While drawing you can activate either horizontal or vertical symmetry modes, great for things like character faces. However you’re not stuck with said symmetry being around the center of your document. With either mode activated a line appears on your canvas and you can shift it to any position and draw your symmetrical shape there.


Aseprite’s interface. Art by Charles Gabriel

One
of Aseprite’s coolest features, in my view, is the “Shading” ink mode which allows you to
select a series of colors and use them all to automatically layer
shadows and highlights onto a shape. It also has an alpha compositing ink
mode which allows you to blend colors together, and an alpha lock mode to
enable painting only inside existing shapes on a layer.

Aseprite does focus on animation, but it’s not without tile creation tools. It has an excellent tiled mode, whereby you can have an image repeat itself horizontally, vertically, or in both directions, allowing you to draw directly over seams to create seamless tiles.

Aseprite also has very useful color mode settings that allow you to choose between RGB mode for full color images, grayscale for black and white, or indexed mode where your colors will be confined to those in the currently active palette.

If
you draw in indexed mode any color you choose will automatically
replace itself with the closest color in your active palette. If you
draw in RGB mode then switch to indexed mode your image will be converted to
use colors from that palette only. This can be a great way to allow yourself to draw with a little more freedom, then refine your color palette down to be more crisp at the end of the process.

Aseprite has a color replacement tool, but in contrast with Pyxel Edit’s color replace tool where you draw over the pixels you want to update, in Aseprite you just provide two colors and it will auto replace all pixels of the specified color at once. I personally feel both methods have advantages.

Aseprite was originally GPL so you can still get that open source version free of charge from GitHub, but it won’t have the latest features. The most recent version is available for $14.99, and works across all three desktop operating systems.

3. Piskel

Piskel is very straight
forward and to the point sprite and animation creation software. If you
want to get in and out fast this is a great solution. It’s so quick, in
fact, that it only takes about two and a half minutes for the essentials to be
explained in this video:

The focus of Piskel is definitely sprite creation and animation as opposed to tilesets or complete scene creation. It has a relatively limited set of tools, but it also has a direct approach that can be very efficient for sprite creation and animation. It’s made particularly convenient given it has a fully fledged online version, meaning you can access it anywhere.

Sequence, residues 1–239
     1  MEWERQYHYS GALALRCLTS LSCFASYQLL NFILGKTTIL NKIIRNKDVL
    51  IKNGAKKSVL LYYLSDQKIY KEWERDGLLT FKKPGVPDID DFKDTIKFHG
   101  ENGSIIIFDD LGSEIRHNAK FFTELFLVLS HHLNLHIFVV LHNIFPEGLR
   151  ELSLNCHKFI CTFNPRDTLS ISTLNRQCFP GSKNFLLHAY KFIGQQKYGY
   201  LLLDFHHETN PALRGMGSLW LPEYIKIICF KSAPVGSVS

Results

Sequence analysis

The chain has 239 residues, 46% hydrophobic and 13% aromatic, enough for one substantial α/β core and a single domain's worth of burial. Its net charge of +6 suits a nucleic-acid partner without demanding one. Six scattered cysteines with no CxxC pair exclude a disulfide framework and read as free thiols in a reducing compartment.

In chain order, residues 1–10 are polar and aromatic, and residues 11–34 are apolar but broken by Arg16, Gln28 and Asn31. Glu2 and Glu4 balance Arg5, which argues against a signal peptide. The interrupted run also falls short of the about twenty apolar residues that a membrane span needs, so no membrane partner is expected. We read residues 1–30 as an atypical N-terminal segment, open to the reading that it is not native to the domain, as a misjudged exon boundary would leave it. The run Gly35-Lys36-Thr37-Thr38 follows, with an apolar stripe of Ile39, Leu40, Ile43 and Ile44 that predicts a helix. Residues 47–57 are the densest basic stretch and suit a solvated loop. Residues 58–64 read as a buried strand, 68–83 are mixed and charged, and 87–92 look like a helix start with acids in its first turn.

After drawing your initial character sprite, animations
are created easily by just hitting the Add new frame button to the left of the canvas and
adjusting an FPS slider to control your speed. Onion skinning is
included, which is always a valuable feature in animation.

One thing to bear in mind is Piskel’s pen tool can only be set
to between 1px and 4px in size, meaning this software really is best for
focusing on sprites and not large pieces like landscapes where you
want to paint large areas such as skies quickly.

Of the common pixel art features you always like to have access to, Piskel includes a 100% preview in the right sidebar, it has rectangle, ellipse and stroke/lines tools, a vertical mirror pen for symmetrical drawing, and ellipse and shape selection tools. It also has a dithering tool, something very helpful yet surprisingly rare in pixel art applications.

Additionally it has a really great “shape selection” tool, which will identify any block of connected pixels of the
same color. It’s comparable to a magic wand tool, but is a little
simpler to use and also allows you to drag the selected shape around immediately after selection without needing to
switch to another tool.

As
well as a regular fill tool, Piskel also has a modified fill tool that will
alter the color of all pixels that share the same color, whether they’re
connected to one another or not. This is yet another approach to color replacement, the third we’ve seen in our article so far, and something incredibly helpful in
those moments when you’re fine tuning to get just the right color.

Another
fantastic tool is the lighten/darken tool which semi-automates the process of creating highlights and shadows. Draw directly over existing
pixels with this tool to create highlights, or hold CTRL to instead create shadows. You can
either progressively shift the color of a pixel as you draw back and
forwards over it, or you can hold down SHIFT to ensure the color is only
tinted or shaded one step at a time.

Piskel describes itself as an online app, which can be very convenient, but if you’d rather work offline you can also get desktop versions for Linux, Mac and Windows.

4. GIMP